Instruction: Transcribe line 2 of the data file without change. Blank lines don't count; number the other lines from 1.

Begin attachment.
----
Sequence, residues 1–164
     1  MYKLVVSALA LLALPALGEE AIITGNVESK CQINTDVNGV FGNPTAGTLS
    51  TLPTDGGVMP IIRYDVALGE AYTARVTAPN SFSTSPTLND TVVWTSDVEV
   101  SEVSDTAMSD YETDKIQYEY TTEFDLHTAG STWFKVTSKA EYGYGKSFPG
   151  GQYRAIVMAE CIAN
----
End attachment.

     1  MYKLVVSALA LLALPALGEE AIITGNVESK CQINTDVNGV FGNPTAGTLS